UK butterfly population has been cut in HALF over the past 45 years
Britain’s butterfly population has HALVED since the 1970s – with one in ten species becoming extinct due to destruction of wildflower meadows
- In the UK, eight per cent of resident butterfly species have become extinct
- Since 1976, overall butterfly numbers have declined by around 50 per cent
- One of the key issues is meadow destruction, meaning butterflies lose their key food sources and breeding grounds
Butterflies are without a doubt one of the most beautiful insects in the UK, but a worrying new study has found that their numbers are dwindling.
The research reveals that the UK butterfly population has been cut in half over the past 45 years.
Worryingly, almost one in ten British butterfly species has become extinct due to meadow destruction, meaning the loss of key food sources and breeding grounds for the insects.
Thankfully, experts believe there is still time for British butterfly populations to recover, should their natural habitats be properly restored.
Worryingly, almost one in ten British butterfly species has become extinct due to meadow destruction, including the Black-veined White (pictured)
WHICH BUTTERFLIES CAN BE FOUND IN THE UK?
The UK has 59 species of butterflies – 57 resident species of butterflies and two regular migrants – the Painted Lady and Clouded Yellow.
Five species of butterfly have become extinct in the last 150 years.
These are the Mazarine Blue, Large Tortoiseshell, Black-veined White, Large Copper and Large Blue. (Large Blue was successfully reintroduced in 1992)
Source: Butterfly Conservation
In the study, researchers from Butterfly Conservation Europe reviewed changes in the status of butterflies in Europe, focusing on long-running population data available for the UK.
Their analysis revealed that almost one in ten butterfly species in the UK has become extinct.
In the study, published in PNAS, the researchers, led by Martin Warren, wrote: ‘In the United Kingdom, 8% of resident species have become extinct, and since 1976 overall numbers declined by around 50%.’
The first butterfly extinctions took place in the 1850s, when several species lost their habitats in favour of agricultural land.
Speaking to The Telegraph, Mr Warren explained: ‘Most grassland has now been re-seeded with perennial ryegrass because it’s more productive for the animals. And it doesn’t have wildflowers in it. It looks nice at a distance. But it doesn’t have wildflowers.’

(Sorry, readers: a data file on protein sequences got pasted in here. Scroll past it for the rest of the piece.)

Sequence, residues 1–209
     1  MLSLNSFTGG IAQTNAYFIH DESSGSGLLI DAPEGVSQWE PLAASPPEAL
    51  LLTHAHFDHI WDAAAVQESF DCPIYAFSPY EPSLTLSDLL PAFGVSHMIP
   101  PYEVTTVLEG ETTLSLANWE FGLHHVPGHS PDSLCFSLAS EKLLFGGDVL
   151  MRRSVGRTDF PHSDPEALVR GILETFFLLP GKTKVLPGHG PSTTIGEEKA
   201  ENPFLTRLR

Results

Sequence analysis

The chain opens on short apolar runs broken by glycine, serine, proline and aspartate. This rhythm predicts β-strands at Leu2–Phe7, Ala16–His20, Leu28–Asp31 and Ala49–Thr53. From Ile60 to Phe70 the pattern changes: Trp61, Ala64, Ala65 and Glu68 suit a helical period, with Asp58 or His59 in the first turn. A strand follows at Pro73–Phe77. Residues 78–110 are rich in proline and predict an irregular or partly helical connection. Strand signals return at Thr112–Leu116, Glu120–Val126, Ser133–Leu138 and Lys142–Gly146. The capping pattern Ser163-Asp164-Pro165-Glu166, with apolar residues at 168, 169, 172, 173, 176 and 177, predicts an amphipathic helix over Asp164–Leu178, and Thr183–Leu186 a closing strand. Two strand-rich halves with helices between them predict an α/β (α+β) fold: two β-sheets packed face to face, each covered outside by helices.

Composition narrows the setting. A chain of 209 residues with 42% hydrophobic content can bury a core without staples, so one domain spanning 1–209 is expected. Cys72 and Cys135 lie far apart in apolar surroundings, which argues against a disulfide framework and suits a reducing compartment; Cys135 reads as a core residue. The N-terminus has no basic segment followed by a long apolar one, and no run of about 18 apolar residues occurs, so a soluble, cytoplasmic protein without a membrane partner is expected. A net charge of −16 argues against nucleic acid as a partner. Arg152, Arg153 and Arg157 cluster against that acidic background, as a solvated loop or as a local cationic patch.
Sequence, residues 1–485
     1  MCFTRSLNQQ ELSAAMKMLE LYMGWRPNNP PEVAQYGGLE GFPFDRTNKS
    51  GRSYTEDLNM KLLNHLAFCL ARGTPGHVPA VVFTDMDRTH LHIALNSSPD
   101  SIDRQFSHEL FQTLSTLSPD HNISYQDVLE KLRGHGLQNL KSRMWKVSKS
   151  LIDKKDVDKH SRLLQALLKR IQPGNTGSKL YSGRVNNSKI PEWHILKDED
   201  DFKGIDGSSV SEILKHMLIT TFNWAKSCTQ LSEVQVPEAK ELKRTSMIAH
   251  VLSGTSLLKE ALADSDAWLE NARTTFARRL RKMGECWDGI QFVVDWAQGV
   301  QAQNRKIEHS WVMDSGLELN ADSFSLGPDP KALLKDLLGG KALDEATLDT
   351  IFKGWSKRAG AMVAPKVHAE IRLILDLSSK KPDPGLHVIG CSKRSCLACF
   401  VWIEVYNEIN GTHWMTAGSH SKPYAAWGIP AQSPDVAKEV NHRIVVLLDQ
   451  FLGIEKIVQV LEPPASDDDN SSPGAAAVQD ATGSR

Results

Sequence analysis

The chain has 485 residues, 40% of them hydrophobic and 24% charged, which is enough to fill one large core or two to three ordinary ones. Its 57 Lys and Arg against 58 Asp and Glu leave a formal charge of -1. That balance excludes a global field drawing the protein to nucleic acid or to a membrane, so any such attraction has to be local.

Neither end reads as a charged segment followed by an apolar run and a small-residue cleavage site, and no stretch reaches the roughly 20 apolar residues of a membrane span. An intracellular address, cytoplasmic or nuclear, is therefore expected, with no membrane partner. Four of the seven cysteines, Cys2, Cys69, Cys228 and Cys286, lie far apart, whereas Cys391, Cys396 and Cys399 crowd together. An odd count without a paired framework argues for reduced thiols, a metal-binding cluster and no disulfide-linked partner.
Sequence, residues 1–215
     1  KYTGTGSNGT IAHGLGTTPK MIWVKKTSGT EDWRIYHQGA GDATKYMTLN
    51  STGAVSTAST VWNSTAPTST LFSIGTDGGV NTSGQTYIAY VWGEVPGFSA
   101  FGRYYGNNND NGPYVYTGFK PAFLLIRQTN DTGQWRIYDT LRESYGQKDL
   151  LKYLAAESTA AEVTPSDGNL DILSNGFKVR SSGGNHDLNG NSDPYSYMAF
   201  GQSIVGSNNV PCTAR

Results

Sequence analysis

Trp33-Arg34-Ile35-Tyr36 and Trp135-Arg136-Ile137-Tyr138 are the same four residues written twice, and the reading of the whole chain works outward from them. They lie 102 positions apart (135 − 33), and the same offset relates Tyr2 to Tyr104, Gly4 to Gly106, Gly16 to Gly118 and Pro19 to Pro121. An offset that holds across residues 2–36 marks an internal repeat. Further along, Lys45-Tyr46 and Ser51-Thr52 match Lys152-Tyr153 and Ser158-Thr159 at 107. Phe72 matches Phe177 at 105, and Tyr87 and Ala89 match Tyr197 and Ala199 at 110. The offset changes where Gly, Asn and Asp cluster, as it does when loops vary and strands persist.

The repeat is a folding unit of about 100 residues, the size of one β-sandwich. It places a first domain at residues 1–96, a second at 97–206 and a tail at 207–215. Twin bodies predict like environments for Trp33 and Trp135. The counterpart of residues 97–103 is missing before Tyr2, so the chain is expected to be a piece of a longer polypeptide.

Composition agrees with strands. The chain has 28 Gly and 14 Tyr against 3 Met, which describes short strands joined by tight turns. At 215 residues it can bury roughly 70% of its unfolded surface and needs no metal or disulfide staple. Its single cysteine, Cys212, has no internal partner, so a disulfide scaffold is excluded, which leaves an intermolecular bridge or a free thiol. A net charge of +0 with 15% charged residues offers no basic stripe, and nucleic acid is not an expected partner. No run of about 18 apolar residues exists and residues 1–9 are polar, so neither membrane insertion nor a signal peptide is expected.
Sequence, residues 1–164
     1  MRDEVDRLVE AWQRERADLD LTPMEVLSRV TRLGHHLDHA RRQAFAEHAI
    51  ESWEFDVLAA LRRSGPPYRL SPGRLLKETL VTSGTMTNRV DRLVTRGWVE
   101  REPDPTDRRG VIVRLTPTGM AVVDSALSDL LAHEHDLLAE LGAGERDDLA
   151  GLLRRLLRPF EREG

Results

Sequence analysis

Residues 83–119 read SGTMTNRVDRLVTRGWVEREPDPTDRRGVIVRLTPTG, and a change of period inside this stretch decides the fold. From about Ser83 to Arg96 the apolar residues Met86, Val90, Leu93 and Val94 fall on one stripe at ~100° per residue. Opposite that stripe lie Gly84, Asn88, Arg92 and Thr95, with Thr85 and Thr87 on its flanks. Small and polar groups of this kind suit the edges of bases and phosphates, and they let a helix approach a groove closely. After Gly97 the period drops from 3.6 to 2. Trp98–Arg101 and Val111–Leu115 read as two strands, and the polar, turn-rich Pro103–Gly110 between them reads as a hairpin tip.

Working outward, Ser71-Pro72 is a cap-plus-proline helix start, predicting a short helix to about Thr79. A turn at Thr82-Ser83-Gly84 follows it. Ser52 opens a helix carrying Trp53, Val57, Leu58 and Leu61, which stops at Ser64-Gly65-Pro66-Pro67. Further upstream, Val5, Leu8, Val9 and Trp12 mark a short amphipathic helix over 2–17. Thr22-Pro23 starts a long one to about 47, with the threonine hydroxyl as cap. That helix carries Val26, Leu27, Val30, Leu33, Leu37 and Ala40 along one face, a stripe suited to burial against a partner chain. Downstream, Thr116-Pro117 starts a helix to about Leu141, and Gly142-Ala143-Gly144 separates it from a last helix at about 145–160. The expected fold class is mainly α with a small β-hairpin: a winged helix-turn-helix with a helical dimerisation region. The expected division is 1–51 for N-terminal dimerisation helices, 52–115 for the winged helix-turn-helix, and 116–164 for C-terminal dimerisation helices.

Overall, the study found that, of the species currently found in the UK, 20 are declining, 21 are stable, and nine are growing in number.
And it seems it’s not just species that thrive in meadows that have been affected.
Species including the Pearl-bordered Fritillary and small Pearl-bordered Fritillary usually live in open woodland spaces, and have all seen a decline in recent years.
In the paper, the researchers explained: ‘Within woodland, several butterflies breed in the canopy (feeding on deciduous trees), but others occur in open spaces in woodland: for example, in rides, glades, and clearings.
Experts remain hopeful for the recovery of the British butterfly, should their natural habitats be restored. For example, the Large Blue (pictured) was successful reintroduced in 1992
Species including the Pearl-bordered Fritillary and small Pearl-bordered Fritillary (pictured) usually live in open woodland spaces, and have all seen a decline in recent years
‘These open space species are also declining because of a lack of traditional management or the replanting with nonnative coniferous trees that cast a dense shade.
‘In Western Europe, many woodlands were coppiced until the 20th century, creating a range of seral stages in which many butterflies could breed. Now, only a small percentage is actively coppiced, leading to the decline of several species.’
Thankfully, not all UK butterflies are declining.
‘Around 30% are expanding their range, many of them also increasing in abundance,’ the paper added.
A project is underway in Kent’s North Downs to create clearings in the woodlands and boost plants that provide Duke of Burgundy butterflies (pictured) with key habitats and resources
‘These expanding species usually either occur in a wide range of habitats or breed in habitats that still occur widely in the landscape and have thus been able to move through the landscape more easily than those whose habitats have become highly fragmented.’
Dr Warren added that he remains hopeful for the recovery of the British butterfly, should their natural habitats be restored.
For example, a project is underway in Kent’s North Downs to create clearings in the woodlands and boost plants that provide Duke of Burgundy butterflies with key habitats and resources.
Dr Warren added: ‘Butterflies live in very specific areas. They need a certain type of management, so if that doesn’t carry on, then they disappear. But on the plus side, if you restore those habitats and management, then they come back.’
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